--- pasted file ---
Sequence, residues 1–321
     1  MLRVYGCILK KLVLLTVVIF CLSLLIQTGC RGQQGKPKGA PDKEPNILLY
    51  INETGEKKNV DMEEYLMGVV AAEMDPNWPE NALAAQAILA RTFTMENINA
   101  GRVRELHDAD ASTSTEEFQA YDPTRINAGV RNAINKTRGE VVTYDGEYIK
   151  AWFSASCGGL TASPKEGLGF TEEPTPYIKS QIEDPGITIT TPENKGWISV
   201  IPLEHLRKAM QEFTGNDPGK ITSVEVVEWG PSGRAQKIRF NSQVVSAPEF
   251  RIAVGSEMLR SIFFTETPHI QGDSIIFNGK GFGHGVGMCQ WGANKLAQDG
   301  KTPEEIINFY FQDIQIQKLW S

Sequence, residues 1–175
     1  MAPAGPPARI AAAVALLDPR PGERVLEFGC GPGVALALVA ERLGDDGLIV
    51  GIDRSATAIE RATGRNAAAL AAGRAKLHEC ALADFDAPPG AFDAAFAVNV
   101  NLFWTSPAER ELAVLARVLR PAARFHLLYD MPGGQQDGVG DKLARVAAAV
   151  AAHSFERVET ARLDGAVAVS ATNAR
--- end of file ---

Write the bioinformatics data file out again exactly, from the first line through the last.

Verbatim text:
Sequence, residues 1–321
     1  MLRVYGCILK KLVLLTVVIF CLSLLIQTGC RGQQGKPKGA PDKEPNILLY
    51  INETGEKKNV DMEEYLMGVV AAEMDPNWPE NALAAQAILA RTFTMENINA
   101  GRVRELHDAD ASTSTEEFQA YDPTRINAGV RNAINKTRGE VVTYDGEYIK
   151  AWFSASCGGL TASPKEGLGF TEEPTPYIKS QIEDPGITIT TPENKGWISV
   201  IPLEHLRKAM QEFTGNDPGK ITSVEVVEWG PSGRAQKIRF NSQVVSAPEF
   251  RIAVGSEMLR SIFFTETPHI QGDSIIFNGK GFGHGVGMCQ WGANKLAQDG
   301  KTPEEIINFY FQDIQIQKLW S

Sequence, residues 1–175
     1  MAPAGPPARI AAAVALLDPR PGERVLEFGC GPGVALALVA ERLGDDGLIV
    51  GIDRSATAIE RATGRNAAAL AAGRAKLHEC ALADFDAPPG AFDAAFAVNV
   101  NLFWTSPAER ELAVLARVLR PAARFHLLYD MPGGQQDGVG DKLARVAAAV
   151  AAHSFERVET ARLDGAVAVS ATNAR